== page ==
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EXAMPLE-Not a real vote-EXAMPLE-Not a real vote
How to vote via email on an issue-
Copy and paste the text of the issue into an email.
Identify whether you are Whig member or citizen in the email text.
Then submit your email to stagethreemodernwhig [dot] org
Below is how a properly formatted vote should look like:
I vote in favor of this proposal and think it should be approved as a Whig supported solution.
Andrew Evans-Whig member
The Electoral College is fundamentally undemocratic.
The United States Electoral College has served to make the United States the only democracy in the world in which someone can assume the highest position of public office without receiving the most votes. This system has undermined the democratic power of the People in presidential elections (e.g., Bush v. Gore, 2000) by allowing a candidate to take the presidency without receiving a simple majority of the national Popular Vote.
The present Electoral College system has enabled (or could possibly enable) the following to occur:
-The national Popular Vote to become irrelevant, thus defying the most fundamental principle of democracy: One Person, One Vote.
-Presidential candidates to focus exclusively on large swing states, ignoring nearly four-fifths of voters.
-A presidential candidate to win the election by winning only eleven states and ignoring the rest of the country. If a candidate were to take California (55), Texas (38), New York (29), Florida (29), Illinois (20), Pennsylvania (20), Ohio (18), Michigan (16), Georgia (16), North Carolina (15), and New Jersey (14), that ticket would receive 270 electoral votes, enough to claim victory.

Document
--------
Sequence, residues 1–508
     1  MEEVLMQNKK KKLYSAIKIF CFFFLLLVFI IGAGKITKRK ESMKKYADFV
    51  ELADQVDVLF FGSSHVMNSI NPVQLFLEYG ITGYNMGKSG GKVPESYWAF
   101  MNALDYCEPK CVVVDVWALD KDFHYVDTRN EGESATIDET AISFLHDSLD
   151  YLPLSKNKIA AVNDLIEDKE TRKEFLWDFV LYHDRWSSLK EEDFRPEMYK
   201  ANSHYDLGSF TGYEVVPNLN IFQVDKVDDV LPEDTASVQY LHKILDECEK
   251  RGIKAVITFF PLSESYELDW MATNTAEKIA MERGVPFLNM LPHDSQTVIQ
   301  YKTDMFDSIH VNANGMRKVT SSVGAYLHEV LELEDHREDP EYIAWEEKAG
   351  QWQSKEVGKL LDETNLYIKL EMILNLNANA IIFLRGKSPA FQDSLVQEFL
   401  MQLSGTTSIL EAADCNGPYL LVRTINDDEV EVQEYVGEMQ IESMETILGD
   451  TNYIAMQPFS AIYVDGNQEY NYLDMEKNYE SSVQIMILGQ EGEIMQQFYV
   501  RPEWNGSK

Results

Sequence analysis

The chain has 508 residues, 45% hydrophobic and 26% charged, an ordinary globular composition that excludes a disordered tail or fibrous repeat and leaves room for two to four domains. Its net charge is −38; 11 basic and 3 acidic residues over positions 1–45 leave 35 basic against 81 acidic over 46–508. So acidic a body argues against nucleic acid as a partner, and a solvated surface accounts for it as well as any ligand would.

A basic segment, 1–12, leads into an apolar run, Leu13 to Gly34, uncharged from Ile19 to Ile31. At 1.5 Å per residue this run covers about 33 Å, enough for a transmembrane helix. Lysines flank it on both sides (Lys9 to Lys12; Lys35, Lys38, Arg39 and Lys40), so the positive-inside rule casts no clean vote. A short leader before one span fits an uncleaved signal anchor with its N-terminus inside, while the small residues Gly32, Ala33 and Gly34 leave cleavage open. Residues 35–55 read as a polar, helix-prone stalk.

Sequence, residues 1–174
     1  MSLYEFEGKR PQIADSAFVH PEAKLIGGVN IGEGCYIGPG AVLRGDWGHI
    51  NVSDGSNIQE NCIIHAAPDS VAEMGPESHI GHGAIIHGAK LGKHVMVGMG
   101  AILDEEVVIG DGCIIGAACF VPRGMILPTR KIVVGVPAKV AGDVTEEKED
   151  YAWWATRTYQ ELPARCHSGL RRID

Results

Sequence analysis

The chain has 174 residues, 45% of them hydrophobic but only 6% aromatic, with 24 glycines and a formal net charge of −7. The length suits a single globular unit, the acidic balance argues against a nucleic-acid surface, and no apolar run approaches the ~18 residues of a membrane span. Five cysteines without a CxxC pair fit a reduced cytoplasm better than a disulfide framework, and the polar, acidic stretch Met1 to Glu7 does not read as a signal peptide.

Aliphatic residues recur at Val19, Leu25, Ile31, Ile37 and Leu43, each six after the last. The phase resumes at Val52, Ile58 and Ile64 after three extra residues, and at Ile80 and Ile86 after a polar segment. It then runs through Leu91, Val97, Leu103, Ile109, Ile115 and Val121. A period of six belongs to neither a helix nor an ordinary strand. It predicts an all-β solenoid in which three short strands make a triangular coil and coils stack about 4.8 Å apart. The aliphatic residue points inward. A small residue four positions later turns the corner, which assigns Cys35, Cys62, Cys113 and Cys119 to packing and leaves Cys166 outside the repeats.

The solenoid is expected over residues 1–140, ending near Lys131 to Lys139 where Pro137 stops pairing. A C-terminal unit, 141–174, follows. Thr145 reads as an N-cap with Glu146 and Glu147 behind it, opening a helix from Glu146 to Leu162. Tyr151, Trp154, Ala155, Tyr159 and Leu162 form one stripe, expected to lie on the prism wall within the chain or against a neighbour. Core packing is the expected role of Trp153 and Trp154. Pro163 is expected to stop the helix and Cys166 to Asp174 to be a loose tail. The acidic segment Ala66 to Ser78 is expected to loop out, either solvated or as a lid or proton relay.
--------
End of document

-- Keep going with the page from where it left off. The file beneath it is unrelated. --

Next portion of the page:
-Lower voter turnout and participation in comparison to other democratic nations, as voter turnout is largely insignificant in states that house entrenched political party domination.
-Obscurity of disenfranchisement within states, as a state's electoral vote remains the same regardless of voter turnout. If a state were to suppress voters through various means of disenfranchising specific minority groups, the electoral vote count would remain the same, but the candidate to which those votes are allocated could ultimately be manipulated.
-A structural disadvantage for third parties via the First-Past-the-Post model.
The 1787 Constitutional Convention approved the Committee of Eleven's recommendation that the office of President be elected by a group of people apportioned among the States in the same numbers as their representatives to the U.S. Congress.
All eligible voters in the United States, and by extension all American citizens, are impacted by the presidential election, as the result plays a role in the direction of future national policy.
Primary: The Office of the Federal Register (link: http://www.archives.gov/federal-register/)
Secondary: Discover Magazine (link: http://discovermagazine.com/2004/sep/math-against-tyranny#.UR69oqVQFK8)
Designer: James Egnor-Keil (james [dot] ryan [dot] ekgmail [dot] com)